Lucas Joppa, Microsoft ®
Human society faces its most existential challenge yet with a requirement to mitigate and adapt to rapidly changing climates, ensure resilient water supplies, sustainably feed a rapidly growing human population, and stem an ongoing global loss of biodiversity. Achieving these outcomes requires a strong theoretical understanding of ecological systems and human impacts on (and benefits from) them. Deriving this information from the natural world, and putting it to work to fundamentally improve the global human experience, remains a difficult task. Yet scaling ecological insight is possible by harnessing rapid advances in data collection and storage, the availability of massive computing infrastructure, deep algorithmic advances, and global access to local information and predictions. Putting this technology to work in the service of global sustainability objectives presents one of the most fascinating and significant opportunities for the field of ecology over the coming decade.
Lucas Joppa is the first Chief Environmental Officer at Microsoft where he leads the company’s sustainability efforts through ongoing technology innovation, program development, policy advancement, and global operational excellence. With a Ph.D. in Ecology from Duke University and extensive publication in leading academic journals, such as Science and Nature, Dr. Joppa is a uniquely accredited voice for sustainability in the tech industry.
In addition to formerly serving on the Federal Advisory Committee for the Sustained U.S. National Climate Assessment, Lucas is an Associate Editor for the Ecological Society of America’s EcoSphere journal and serves on the boards of leading scientific organizations. In 2017, he founded Microsoft’s AI for Earth program—a five-year, $50-million commitment to leveraging AI and machine learning to help transform the way society monitors, models, and ultimately manages Earth’s natural resources.
Robert Jackson, Stanford University
The drumbeat of doom marks today’s climate news. It might track a Category 5 hurricane in Florida peeling roofs off houses like bananas, the latest California or Australian town incinerated in a fire fueled by record heat and drought—melted shoes and hubcaps puddled on driveways—or one more clip of the Great Barrier Reef bleached white and dying. Stabilizing the earth’s temperature to some arbitrary value is no longer enough, rolling the dice on which catastrophes we’ll avoid. We need to restore the atmosphere.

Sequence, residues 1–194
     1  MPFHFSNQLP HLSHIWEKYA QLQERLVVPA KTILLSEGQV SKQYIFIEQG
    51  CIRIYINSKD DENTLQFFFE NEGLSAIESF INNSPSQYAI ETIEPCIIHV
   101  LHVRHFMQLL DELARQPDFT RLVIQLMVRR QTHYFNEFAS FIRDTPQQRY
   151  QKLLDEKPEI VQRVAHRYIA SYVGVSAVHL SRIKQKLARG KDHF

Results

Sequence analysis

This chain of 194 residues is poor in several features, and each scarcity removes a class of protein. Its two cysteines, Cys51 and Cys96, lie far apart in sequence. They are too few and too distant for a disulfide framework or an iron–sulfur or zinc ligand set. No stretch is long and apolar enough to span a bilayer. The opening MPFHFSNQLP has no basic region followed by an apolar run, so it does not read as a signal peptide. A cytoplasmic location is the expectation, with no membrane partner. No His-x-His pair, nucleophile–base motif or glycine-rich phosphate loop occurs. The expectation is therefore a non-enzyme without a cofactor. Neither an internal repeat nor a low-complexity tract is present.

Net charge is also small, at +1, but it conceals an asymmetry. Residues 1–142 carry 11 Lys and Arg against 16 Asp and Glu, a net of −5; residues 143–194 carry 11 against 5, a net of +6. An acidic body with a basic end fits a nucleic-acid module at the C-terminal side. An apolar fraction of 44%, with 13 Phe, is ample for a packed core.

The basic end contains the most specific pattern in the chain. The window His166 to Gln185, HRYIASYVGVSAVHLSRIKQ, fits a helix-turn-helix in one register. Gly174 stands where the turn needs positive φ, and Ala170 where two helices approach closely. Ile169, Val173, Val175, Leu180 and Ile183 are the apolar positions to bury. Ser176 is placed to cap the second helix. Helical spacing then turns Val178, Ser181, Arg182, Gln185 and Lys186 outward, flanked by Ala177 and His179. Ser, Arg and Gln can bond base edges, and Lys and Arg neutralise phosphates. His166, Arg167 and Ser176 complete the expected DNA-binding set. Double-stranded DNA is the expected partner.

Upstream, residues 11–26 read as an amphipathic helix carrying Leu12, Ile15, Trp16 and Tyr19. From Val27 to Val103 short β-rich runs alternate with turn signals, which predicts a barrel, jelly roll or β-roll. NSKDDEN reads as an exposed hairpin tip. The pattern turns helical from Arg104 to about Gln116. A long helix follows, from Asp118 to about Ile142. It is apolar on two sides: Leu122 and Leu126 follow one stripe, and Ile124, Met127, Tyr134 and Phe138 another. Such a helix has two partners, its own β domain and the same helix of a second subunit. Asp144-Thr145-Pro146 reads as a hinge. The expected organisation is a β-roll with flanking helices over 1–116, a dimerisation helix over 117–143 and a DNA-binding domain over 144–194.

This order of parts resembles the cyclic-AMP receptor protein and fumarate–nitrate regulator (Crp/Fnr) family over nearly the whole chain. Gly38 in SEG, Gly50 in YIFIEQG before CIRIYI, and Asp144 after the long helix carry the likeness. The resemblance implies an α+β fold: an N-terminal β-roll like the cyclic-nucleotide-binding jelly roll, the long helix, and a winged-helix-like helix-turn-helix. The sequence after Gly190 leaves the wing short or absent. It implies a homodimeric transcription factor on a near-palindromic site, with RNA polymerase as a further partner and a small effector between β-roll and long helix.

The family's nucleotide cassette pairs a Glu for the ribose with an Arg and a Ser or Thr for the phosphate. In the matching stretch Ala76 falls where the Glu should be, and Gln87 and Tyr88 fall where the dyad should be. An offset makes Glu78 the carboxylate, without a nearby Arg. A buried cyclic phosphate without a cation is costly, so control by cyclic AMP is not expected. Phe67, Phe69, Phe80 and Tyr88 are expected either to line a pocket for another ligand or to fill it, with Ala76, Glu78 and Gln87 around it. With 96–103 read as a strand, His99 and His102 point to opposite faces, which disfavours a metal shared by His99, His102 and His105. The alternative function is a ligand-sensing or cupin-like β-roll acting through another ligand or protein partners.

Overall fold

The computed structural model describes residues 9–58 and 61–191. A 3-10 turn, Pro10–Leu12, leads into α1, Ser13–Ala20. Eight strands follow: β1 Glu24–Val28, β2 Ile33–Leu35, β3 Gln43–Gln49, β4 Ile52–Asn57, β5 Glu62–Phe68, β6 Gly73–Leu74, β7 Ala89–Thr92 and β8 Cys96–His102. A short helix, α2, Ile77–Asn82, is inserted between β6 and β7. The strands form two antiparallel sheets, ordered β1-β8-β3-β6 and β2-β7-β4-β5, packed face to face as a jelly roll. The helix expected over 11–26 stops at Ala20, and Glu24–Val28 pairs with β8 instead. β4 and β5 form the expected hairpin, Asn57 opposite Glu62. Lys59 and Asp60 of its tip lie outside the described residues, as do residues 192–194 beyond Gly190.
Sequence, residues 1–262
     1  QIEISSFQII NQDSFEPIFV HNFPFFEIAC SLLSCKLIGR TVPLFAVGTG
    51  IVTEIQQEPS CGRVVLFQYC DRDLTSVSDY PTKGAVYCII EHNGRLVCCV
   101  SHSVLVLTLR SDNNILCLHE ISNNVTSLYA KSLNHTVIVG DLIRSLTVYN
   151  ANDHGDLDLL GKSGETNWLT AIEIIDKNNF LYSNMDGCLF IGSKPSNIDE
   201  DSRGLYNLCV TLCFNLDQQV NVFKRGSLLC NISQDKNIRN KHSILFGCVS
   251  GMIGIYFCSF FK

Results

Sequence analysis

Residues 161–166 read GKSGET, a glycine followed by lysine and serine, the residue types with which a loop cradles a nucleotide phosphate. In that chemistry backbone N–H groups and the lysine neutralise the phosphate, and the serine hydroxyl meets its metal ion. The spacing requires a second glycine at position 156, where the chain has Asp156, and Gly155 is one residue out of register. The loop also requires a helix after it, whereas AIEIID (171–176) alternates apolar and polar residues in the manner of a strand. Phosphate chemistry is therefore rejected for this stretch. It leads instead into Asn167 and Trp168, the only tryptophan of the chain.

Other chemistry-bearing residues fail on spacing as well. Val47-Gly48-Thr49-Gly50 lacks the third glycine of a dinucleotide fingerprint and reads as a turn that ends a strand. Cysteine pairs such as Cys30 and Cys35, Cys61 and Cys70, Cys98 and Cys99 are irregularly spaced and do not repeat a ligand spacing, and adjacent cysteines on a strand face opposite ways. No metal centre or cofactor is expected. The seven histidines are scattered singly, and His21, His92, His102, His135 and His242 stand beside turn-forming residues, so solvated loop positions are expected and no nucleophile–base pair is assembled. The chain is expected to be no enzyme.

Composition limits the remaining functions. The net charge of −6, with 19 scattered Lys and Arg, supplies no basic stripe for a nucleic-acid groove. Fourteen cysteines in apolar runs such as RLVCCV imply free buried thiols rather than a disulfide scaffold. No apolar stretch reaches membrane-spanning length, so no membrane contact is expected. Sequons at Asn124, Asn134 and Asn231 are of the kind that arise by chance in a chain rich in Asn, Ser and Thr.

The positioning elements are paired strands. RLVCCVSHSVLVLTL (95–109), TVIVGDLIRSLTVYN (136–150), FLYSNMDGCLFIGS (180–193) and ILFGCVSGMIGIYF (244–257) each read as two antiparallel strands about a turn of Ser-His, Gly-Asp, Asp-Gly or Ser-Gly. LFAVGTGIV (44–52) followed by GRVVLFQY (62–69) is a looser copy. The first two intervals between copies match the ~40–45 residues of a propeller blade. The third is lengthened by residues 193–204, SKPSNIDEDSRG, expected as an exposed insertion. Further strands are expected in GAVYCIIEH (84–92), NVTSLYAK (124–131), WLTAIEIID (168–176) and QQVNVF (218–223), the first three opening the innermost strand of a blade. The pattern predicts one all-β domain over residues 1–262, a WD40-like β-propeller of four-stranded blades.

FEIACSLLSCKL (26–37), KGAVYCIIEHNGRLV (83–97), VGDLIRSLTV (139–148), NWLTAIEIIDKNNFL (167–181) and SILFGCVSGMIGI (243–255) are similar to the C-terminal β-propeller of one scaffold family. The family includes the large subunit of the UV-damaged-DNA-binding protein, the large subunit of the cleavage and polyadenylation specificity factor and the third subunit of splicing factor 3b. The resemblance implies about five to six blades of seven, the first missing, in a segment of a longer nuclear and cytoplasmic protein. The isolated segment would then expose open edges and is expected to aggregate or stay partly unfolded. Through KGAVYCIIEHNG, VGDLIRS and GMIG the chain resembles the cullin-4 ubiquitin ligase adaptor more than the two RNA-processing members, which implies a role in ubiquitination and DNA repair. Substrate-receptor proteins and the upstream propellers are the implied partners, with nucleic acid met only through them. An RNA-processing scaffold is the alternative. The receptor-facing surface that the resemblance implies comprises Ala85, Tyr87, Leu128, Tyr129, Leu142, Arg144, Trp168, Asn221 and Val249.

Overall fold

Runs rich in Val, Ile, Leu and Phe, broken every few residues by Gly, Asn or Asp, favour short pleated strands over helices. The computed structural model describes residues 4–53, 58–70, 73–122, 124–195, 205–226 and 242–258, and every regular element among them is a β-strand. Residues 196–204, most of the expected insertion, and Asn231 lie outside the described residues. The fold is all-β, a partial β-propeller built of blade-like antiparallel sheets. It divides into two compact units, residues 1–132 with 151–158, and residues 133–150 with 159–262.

The Endangered Species Act doesn’t stop at saving plants and animals from extinction. It mandates their recovery. When we see gray whales breaching on their way to Alaska each spring, grizzly bears ambling across a Yellowstone meadow, bald eagles and peregrine falcons riding updrafts, we celebrate life and a planet restored. Our goal for the atmosphere must be the same.
To do it, we’ll need to squeeze greenhouse gas emissions like a vice. We’ll need to provide more energy to at least a billion people laboring in energy poverty and injustice. We’ll need to preserve species and habitats more actively than we’ve done to date, while expanding natural carbon solutions and improving working lands.
The path to restoring the atmosphere will be beautiful—and ugly. We’ll save lives from cleaner water and air. We’ll say goodbye to oil imports and cut trade deficits. We’ll have more choices and control over local energy supply. We might even save money, depending on the path we choose. We’ll also need to adopt technologies each of us won’t like. (“Oh no, not that one.”) And we’ll need to hack the atmosphere, removing greenhouse gases from the air after their release.
We can restore the atmosphere in a lifetime. We have to.
Rob Jackson and his lab examine the many ways people affect the Earth.
They seek basic ecological knowledge and use it to help shape policies and reduce the environmental footprint of climate and land use change, energy extraction, and many other issues. They’re currently examining the effects of warming and droughts on forest mortality and grassland ecosystems, particularly through processes occurring below ground. They are also working to measure and reduce greenhouse gas emissions through the Global Carbon Project (globalcarbonproject.org), which Jackson chairs, including coordinating a new global network of methane tower measurements at more than 80 sites worldwide.
As an author and photographer, Rob has published a trade book about the environment (The Earth Remains Forever, University of Texas Press), two books of children’s poems, Animal Mischief and Weekend Mischief (Highlights Magazine and Boyds Mills Press), and recent or forthcoming poems in the journals Southwest Review, Cortland Review, Cold Mountain Review, Atlanta Review, LitHub, and more. His photographs have appeared in outlets such as the NY Times, Washington Post, USA Today, Nature, and National Geographic News.